The Point: Take charge of your own education
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Well, here we are, at the end of another school year. Seniors are going to graduate and (some of them will) move on with their lives into the wild blue yonder of the big ball of matter we call the world; the bottom rung of the food chain will be filled with new freshmen; and the rest of the grades will move up a number in their seemingly-endless trek to the end of Year 12.
In the ranks of all of these classes, though, one hears mumbling about how the students aren’t prepared for college and beyond, about how lacking many feel the quality of their education is. Opportunities for learning are limited by the school system, they say. College is going to be too hard and they don’t have any background in that kind of educational structure.
And let’s be real: they’re half right. No school system is perfect, and that certainly includes Duncan. Maybe the classes are too easy; maybe they don’t prepare students for college; maybe education state- and nation-wide has been sacrificed on the altar to the test score gods.
So how does complaining do anything about that?
The disgruntled comments of students — and sometimes, teachers — do nothing to solve the problem of education quality. Complaining is not a viable tactic to bring about change; indeed, it is only a viable tactic to get someone elected to Congress. Rather, if a person or group wants to bring about change, they need to take action.
However, bringing about large-scale change can be challenging, especially when interest groups or officials or any form of government are involved. Changing the system is hard.
The other thing students complain about, though — that they aren’t prepared for life beyond the walls of ol’ DHS — comes with no such excuses.
The education one receives depends solely upon how much work each individual puts into it. If a person really tries to learn, genuinely cares about how much information they are taking in and processing, then their education will naturally exceed that of a similarly-intelligent individual who doesn’t care.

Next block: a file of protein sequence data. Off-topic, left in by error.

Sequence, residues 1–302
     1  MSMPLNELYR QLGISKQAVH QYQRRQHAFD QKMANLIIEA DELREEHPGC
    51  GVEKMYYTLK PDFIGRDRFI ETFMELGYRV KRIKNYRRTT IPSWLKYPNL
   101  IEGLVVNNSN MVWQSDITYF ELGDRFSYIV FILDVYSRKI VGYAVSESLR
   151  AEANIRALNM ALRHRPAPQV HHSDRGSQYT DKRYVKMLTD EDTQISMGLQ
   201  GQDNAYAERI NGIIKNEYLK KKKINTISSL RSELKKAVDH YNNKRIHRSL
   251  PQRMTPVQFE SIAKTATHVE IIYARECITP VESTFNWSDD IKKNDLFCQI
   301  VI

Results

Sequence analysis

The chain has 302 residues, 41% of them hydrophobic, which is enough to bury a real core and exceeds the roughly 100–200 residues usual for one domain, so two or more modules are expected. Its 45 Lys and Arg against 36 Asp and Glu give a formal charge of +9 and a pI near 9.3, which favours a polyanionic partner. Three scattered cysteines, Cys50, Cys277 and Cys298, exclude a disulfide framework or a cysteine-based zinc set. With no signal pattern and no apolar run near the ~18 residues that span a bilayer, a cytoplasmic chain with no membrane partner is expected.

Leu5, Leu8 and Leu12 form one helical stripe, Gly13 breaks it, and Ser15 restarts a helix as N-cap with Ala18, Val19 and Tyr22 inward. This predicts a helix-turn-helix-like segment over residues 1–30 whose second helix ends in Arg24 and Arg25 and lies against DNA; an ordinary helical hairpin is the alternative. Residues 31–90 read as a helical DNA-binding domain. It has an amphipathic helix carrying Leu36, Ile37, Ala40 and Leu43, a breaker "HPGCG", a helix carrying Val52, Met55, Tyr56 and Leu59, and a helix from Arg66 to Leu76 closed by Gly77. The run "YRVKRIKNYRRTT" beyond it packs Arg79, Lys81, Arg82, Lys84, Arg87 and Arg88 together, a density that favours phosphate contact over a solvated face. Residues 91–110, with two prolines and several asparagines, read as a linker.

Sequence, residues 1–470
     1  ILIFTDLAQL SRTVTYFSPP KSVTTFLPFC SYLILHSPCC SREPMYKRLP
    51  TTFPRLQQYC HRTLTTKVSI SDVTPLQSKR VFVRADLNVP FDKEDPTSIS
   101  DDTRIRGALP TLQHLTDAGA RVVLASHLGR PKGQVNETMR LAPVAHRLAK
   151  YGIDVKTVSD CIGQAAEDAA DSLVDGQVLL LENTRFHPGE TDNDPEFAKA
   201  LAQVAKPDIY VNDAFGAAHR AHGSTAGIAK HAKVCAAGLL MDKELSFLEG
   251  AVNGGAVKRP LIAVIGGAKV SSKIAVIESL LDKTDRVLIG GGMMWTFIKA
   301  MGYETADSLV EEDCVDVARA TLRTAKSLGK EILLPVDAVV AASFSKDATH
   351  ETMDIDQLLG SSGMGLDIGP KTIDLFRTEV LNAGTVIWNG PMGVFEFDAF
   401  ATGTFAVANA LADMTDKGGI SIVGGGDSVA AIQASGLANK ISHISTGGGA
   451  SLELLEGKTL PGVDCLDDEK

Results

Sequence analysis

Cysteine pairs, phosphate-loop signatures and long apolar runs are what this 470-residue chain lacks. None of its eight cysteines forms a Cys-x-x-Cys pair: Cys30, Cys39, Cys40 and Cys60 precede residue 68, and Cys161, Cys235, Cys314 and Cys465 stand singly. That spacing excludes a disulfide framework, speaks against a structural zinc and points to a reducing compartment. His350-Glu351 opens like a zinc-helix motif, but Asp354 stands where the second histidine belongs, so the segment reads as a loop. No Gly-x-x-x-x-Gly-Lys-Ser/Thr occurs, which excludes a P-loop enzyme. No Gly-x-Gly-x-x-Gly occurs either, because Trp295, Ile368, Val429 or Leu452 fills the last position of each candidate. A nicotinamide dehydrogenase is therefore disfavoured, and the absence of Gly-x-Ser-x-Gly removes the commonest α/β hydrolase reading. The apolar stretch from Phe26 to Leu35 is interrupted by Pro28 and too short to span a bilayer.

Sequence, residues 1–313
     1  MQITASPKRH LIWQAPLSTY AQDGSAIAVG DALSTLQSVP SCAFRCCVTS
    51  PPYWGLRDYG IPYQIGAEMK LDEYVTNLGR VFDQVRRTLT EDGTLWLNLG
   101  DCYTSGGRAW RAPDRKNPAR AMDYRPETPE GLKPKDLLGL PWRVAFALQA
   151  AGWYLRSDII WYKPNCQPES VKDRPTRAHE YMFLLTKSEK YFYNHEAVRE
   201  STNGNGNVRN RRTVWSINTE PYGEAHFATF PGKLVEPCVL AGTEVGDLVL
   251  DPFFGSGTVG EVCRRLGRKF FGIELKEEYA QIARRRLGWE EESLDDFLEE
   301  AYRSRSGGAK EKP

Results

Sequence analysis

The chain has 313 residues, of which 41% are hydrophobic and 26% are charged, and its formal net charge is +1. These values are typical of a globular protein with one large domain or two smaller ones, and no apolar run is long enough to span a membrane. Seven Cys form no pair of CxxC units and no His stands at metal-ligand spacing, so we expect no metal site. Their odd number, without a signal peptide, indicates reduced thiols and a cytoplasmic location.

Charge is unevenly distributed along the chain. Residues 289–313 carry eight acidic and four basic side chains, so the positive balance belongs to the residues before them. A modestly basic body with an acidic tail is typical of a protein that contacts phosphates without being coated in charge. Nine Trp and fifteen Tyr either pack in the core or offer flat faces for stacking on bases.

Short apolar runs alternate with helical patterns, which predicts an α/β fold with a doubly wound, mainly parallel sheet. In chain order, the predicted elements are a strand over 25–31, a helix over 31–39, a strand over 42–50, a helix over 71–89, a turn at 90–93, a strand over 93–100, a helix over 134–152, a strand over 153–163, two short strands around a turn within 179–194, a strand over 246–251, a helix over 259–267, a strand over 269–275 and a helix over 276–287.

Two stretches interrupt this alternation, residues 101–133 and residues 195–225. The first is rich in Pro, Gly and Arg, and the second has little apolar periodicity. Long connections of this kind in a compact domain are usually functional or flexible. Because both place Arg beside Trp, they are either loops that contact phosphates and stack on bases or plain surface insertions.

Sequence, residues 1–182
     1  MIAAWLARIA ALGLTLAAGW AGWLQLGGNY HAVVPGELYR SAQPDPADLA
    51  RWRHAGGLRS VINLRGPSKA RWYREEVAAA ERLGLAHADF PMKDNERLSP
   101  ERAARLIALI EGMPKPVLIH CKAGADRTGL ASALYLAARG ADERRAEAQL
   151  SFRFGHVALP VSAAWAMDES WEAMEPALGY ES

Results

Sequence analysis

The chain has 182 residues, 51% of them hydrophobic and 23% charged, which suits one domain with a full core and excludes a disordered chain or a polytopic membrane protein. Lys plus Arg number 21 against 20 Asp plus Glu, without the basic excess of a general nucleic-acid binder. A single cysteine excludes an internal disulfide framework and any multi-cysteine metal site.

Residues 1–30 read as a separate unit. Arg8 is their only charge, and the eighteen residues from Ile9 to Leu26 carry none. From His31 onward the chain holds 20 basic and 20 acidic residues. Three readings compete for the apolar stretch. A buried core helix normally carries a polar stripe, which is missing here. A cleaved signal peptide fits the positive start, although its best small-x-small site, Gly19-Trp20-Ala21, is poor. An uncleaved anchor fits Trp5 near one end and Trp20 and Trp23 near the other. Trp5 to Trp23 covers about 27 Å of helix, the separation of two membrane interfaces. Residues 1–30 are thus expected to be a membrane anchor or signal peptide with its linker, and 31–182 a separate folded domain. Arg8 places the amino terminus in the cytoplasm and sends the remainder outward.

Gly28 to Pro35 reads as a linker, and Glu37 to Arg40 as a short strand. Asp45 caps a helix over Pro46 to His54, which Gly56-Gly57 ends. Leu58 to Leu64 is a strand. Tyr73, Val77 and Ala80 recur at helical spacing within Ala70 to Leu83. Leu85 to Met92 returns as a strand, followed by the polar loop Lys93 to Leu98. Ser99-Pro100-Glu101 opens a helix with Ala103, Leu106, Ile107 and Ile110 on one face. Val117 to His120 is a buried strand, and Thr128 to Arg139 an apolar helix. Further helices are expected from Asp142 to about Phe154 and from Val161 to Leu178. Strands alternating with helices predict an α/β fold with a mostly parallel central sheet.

Truly caring about an education and attempting to improve it overcomes just about any obstacle that can stand in one’s path of knowledge assimilation. Bad teachers, limited course materials, a busy schedule — all of these can be overcome with enough caring and effort. Even one’s own intellectual limitations can, to a degree, be transcended by a mind willing to truly try hard to learn.
Yes, certain factors can make learning hard. However, with the multitude of resources at every student’s fingertips due to the Internet, textbooks, sympathetic teachers, public and school libraries and more, every student realistically has access to more than enough information about virtually any subject to be able to educate themselves about it.
Therefore, complaining that the school system has failed to properly educate someone is simply misguided, ineffective and downright unethical. One should not complain until they have literally no way of fixing their situation, and there are a multitude of easily-accessible ways to fix the problem of substandard knowledge and ill-preparedness.